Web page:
What kind of space does the office consist of? Can certain sections be designated as quiet zones or collaborative meeting spaces? Will the employees and department have access to the spaces they require?
How difficult is it for employees to commute to the office? If they must take the subway every day, for instance, carrying a lot of work equipment may be difficult.
Are your employees privy to highly confidential information? Hot desking is unlikely to provide the necessary private seating arrangements.
If the majority of your team requires the structure of a traditional office or must regularly sit near certain coworkers for collaboration purposes, hot desking is not an appropriate option. However, if you still desire a hybrid workplace, a reservation system could be a viable alternative. Check out our article for more information on how desk hoteling can improve your office space.

Advantages and disadvantages of hot desking

Hot desking has its advantages and disadvantages. It works well in contemporary workplaces where employees value flexible schedules and hybrid work environments. Traditional offices or businesses that require everyone to be present at all times do not fare as well with hot desking. Examining both sides, let’s examine the pros and cons.

Pro: Collaboration, Socialization, and Innovation

When employees or departments that don’t normally work together must collaborate on a project, it is easier for them to sit close to one another, and each individual can choose their desk. As projects conclude, workers can then disperse. Additionally, because workstations are rearranged daily, employees find themselves in proximity to coworkers with whom they do not typically interact. This can build and strengthen working relationships, encourage collaboration, and foster enterprise-wide cooperation.

Whether employees find hot desking restrictive or liberating depends largely on the individual and the nature of their work. While some may feel stifled by changing workstations, others may experience an increase in creativity and originality. And if these employees thrive on collaboration, sitting next to new people every day could motivate them even more. If you manage a creative company with employees who are constantly on the move and view their desk as merely a surface to lean on, hot desking could help unleash their creativity.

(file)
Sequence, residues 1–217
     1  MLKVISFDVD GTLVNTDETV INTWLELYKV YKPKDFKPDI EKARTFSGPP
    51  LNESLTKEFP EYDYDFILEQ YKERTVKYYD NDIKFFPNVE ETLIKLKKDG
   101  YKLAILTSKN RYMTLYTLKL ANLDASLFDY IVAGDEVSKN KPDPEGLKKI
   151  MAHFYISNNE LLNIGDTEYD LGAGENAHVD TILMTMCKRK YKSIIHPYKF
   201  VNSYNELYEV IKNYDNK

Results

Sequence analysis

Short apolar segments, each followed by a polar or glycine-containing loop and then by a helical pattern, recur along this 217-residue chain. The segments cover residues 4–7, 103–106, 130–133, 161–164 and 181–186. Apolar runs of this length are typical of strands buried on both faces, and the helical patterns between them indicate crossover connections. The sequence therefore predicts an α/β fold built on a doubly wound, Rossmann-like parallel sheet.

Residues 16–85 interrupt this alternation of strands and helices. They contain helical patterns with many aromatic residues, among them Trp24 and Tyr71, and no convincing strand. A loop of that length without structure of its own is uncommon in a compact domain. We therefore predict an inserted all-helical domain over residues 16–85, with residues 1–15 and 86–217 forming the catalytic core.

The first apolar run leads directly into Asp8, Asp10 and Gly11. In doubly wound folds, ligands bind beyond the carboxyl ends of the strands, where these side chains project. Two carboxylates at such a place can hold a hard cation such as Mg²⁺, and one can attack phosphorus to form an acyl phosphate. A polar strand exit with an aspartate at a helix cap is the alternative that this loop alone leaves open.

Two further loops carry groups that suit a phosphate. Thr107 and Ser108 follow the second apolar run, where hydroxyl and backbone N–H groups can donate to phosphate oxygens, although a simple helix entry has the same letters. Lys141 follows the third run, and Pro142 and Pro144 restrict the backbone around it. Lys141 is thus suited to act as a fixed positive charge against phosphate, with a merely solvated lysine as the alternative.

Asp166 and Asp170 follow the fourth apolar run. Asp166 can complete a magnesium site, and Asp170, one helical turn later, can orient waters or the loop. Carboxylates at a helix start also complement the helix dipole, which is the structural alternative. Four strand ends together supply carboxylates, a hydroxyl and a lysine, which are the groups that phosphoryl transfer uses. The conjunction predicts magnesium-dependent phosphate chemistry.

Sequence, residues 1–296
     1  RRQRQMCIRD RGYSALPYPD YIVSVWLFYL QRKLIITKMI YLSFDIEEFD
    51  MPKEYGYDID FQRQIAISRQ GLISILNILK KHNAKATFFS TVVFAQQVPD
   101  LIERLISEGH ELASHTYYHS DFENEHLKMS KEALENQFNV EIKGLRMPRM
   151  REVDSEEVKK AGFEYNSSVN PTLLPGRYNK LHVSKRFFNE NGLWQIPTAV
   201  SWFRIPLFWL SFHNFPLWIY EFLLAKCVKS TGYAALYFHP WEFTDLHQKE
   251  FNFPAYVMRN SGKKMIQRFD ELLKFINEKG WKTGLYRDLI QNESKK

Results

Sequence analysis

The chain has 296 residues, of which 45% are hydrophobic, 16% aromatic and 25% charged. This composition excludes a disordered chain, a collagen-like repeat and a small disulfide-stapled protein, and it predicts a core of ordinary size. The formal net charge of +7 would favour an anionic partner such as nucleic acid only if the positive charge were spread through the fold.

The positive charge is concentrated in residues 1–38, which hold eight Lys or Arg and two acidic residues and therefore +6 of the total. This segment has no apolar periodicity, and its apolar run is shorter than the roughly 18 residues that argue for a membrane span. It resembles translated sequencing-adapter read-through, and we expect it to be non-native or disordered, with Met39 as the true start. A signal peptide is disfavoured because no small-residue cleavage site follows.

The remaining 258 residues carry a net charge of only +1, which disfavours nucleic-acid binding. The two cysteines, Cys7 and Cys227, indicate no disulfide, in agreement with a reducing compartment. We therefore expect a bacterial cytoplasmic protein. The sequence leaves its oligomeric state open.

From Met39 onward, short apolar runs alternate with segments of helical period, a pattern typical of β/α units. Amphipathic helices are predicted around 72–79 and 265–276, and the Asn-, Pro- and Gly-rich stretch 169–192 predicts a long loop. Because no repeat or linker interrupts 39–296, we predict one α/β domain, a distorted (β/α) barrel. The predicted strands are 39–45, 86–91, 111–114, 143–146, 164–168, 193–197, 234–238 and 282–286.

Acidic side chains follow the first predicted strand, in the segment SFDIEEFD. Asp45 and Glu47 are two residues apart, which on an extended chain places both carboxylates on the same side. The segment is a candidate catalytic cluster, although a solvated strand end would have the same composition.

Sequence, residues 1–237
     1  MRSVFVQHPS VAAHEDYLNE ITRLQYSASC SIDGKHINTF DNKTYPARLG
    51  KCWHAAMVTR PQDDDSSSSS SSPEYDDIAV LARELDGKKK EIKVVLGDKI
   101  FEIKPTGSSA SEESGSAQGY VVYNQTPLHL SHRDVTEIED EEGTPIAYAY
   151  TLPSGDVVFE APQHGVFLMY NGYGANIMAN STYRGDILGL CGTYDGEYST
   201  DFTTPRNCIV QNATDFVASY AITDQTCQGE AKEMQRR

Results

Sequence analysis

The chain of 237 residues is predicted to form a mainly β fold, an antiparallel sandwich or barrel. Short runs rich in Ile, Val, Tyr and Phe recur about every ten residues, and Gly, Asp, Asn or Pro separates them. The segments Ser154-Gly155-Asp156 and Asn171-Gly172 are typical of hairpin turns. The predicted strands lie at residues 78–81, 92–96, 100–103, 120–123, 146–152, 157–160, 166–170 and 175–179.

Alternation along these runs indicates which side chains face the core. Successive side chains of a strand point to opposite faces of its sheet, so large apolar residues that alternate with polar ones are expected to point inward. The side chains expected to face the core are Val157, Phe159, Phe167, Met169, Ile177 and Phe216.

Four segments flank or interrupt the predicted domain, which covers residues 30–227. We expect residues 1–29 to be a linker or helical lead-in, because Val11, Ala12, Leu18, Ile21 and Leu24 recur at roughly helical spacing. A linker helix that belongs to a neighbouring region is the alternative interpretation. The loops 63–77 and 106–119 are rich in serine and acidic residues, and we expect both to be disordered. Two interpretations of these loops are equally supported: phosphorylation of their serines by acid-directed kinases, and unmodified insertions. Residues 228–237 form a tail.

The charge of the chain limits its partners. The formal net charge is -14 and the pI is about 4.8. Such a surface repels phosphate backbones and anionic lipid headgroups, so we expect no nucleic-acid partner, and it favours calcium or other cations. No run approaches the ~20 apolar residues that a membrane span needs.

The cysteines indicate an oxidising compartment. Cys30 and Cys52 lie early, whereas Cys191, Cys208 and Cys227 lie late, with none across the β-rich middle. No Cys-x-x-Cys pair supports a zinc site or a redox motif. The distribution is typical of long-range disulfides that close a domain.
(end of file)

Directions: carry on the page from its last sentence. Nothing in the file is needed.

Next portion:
This level of autonomy is excellent for employee growth and can help employees feel that their employer has confidence in them. By eliminating the need to micromanage where everyone sits, the employee is granted more autonomy. Extra responsibility instills pride in some team members’ jobs and encourages them to take greater ownership of their work.

Lack of Stability, Hierarchy, and Individualization

The inconsistency of hot desking may irritate older employees or anyone accustomed to a conventional layout. It can be stressful to not know where you’ll be sitting every day or if you’ll find a seat at all. And it is especially difficult if the employee is not accustomed to carrying equipment like laptops to and from work. In addition, hot desking prevents employees from personalizing their space or optimizing their work environment to promote concentration.

In the worst-case scenario, this conveys to employees that they are unimportant. Some employees may believe that if they were valued by the company, they would be provided with a workspace. Hot desking can also have an effect on office hierarchy, such as when a supervisor or 20-year employee is forced to sit near a group of new hires or has a worse desk setup than a subordinate.